How to be social again: 5 post-pandemic socialization tips


by Eli Mandel, LCSW

May 18, 2021

Does the phrase “getting back into the social scene” strike excitement or fear in you? Or both? Just like when the pandemic started, we are once again in uncharted waters. All emotions are fair play here. 

While the act of going out to dinner with friends may have seemed simple a year and a half ago, this venture might now come with a side of anxiety, reluctance and even confusion. It might also feel exactly the same as it did before. 

Whether you are socially diving back in headfirst, just putting one toe in the water or deciding not to swim at all, these five tips can help navigate your way through the post-pandemic social scene.

1. Recognize this transition isn’t easy.

There is a new divide between how people view social outings and activities. Some have discovered they love being home while others are saying “yes” to everything they possibly can, just because they can. 

Rest assured, though, that no decision is better than another. We each have our own unique circumstances, so try to avoid comparing yourself to others. The more you compare, the more you might start to notice yourself experiencing difficult emotions. Instead, try to hone in on how you’re feeling about socializing and create the boundaries that feel good to you. Offer your friends, family members and colleagues some grace when your opinions and feelings differ. We all handle change differently.

Remember, just because you feel one way today doesn’t mean you can’t change your mind. Take it day by day, event by event, and stand strong in the truth that your position is valid. 

2. Social stress? Find your feet with mindfulness.

While preparation can help with foreseen situations, what happens when you are out somewhere and an unexpected stressful situation or emotion arises? Finding your feet is a great mindfulness technique that can help in the moment, and it is exactly what it sounds like. It goes like this: 

  • When you notice a stressful situation or emotion, take a moment to notice where your feet are with your senses. 
  • Feel your feet on the ground. Can you feel the points of contact with the floor, your socks or your shoes? 
  • Notice what physical sensations are here. Do your feet hurt? Is there a lack of pain?
  • What colors and textures do you see?
  • What do your feet sound like as they move back and forth across the floor?
  • Maybe leave out what you smell…

Taking a moment to pause and anchor yourself in the present moment by focusing on something outside of your mind can help get you out of the fight, flight or freeze response that happens during stress.

3. Give your body and brain time to adjust.

Even though most of us have been social for as long as we can remember, there’s a chance that outings may take a toll on you in a different way than how they did before the pandemic. Because it may have been some time since we have read body language, facial expressions, or frankly, just been in person with one another anymore, it takes our bodies and minds some time to readjust.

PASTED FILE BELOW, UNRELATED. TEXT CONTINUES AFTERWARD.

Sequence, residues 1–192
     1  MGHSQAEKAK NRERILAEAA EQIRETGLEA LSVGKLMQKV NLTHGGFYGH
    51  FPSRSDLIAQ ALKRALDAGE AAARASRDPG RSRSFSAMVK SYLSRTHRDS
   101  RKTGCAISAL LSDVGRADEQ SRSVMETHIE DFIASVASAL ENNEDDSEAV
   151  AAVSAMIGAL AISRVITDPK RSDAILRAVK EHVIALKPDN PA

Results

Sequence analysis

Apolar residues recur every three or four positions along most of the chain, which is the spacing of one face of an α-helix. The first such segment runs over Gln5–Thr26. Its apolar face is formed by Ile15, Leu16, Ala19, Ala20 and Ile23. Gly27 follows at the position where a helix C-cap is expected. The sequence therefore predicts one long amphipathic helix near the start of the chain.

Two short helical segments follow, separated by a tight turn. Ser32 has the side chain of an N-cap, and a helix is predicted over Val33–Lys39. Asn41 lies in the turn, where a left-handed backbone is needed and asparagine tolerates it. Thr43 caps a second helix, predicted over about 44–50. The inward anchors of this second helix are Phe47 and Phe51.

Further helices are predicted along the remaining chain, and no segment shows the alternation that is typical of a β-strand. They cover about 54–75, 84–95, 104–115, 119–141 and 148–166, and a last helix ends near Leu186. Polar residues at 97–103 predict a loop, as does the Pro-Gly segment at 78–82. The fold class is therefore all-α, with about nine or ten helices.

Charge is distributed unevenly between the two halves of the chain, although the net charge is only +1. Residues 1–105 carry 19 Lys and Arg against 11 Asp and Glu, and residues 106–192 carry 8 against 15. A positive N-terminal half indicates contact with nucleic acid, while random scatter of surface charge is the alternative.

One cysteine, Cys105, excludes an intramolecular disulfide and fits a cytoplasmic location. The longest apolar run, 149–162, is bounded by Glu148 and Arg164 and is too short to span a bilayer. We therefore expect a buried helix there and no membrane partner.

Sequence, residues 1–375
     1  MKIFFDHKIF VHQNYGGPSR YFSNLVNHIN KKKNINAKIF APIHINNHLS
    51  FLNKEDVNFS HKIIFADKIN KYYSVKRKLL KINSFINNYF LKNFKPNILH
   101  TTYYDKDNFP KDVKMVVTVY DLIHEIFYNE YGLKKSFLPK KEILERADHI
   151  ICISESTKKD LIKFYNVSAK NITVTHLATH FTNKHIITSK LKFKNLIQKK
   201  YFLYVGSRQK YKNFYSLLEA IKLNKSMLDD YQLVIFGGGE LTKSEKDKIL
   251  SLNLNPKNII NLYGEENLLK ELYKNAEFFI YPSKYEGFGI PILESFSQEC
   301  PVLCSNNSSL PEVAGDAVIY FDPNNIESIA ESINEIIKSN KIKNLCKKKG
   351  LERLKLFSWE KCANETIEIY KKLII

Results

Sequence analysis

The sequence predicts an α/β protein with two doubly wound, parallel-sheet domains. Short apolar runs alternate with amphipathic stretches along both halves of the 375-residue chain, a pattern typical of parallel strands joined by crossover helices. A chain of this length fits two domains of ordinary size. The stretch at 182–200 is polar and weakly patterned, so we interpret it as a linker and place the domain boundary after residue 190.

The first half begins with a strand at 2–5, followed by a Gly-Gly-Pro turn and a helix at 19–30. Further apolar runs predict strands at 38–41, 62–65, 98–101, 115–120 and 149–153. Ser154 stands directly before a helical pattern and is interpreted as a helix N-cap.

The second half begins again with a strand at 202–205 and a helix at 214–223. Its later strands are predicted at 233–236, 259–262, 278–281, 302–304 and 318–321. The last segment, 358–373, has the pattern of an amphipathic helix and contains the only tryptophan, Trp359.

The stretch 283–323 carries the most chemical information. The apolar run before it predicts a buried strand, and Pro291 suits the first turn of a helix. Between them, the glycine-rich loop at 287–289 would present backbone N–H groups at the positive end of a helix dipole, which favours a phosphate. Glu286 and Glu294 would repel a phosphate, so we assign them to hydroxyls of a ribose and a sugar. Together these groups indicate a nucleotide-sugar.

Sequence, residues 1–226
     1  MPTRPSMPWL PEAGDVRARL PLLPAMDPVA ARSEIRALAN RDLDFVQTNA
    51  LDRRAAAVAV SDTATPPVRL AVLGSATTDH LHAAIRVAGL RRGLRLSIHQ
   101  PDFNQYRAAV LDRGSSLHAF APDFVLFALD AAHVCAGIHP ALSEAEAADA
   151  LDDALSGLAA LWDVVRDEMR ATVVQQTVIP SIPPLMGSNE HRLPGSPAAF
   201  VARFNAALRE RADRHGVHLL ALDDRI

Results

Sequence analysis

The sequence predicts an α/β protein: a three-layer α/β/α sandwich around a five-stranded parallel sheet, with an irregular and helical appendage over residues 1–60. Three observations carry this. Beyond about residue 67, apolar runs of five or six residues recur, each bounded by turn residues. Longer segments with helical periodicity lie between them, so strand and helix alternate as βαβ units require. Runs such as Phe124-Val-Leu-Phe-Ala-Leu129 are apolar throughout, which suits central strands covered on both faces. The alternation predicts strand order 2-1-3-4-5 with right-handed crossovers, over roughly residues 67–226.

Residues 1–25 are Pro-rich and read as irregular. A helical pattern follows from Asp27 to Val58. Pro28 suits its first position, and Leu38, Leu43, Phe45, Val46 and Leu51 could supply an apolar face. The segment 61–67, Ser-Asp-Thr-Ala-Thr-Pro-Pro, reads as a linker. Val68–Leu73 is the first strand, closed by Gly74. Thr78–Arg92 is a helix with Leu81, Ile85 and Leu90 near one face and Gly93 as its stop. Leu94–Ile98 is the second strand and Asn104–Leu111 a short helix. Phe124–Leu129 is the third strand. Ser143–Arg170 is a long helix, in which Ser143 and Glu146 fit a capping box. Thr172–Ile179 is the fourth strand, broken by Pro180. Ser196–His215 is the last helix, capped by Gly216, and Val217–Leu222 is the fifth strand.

4. Take care of yourself.

Imagine going to the gym every day, and then suddenly and without preparation, you stop going for a year. On your first day back, you probably aren’t going to be running for as long or lifting the same amount of weight that you were before you stopped. The same can be said for your social stamina

Knowing that, try to start out slow and build your way up. Pay attention to how you’re feeling and what feels possible and safe in the future and each unique situation.

As we ease back into normal life and activities, it’s important to remember to continue nourishing your mind and body. Incorporating more social outings into your lifestyle might mean less time for the at-home gym you perfected and more eating out. And that’s okay! You found balance when the pandemic started, and you can shift your feet again. 

It’s time to get creative and perhaps bring back the “walking meeting” at work, walk around the block after dinner, or park yoga with your best friend. At the same time, keep in mind that you may need more rest and self-care to recover from a more full schedule. Take the time to listen to your body and give it what it needs.

5. Embrace your community.

More social time means more community, and community is so critical for your health and well-being. Maybe you’ve discovered during the pandemic that you love alone time, but try not to confuse this with isolation. Alone time is helpful when it’s intentional and productive (in the self-care sense) and is not meant to happen tous. 

If you notice that alone time is happening because you aren’t making efforts to reach out to others, or that it consistently coincides with a low mood, encourage yourself to build that socialization muscle. Now that it’s an option for many of us again, keep in mind that being with others has the powerful ability improve our moods, decrease loneliness, and help provide a general sense of purpose. 

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About the Author

Eli Mandel, LCSW, is a licensed clinical social worker and currently serves as a program manager of wellness at Baylor Scott & White Health. Eli has more than eight years of experience in the mental health field. In his current position, Eli helps physician residents and fellows at Baylor University Medical Center maintain their wellbeing so they can best serve their patients. He believes that true wellness comes through the fulfillment of multiple dimensions of life and that it must be approached with intention.

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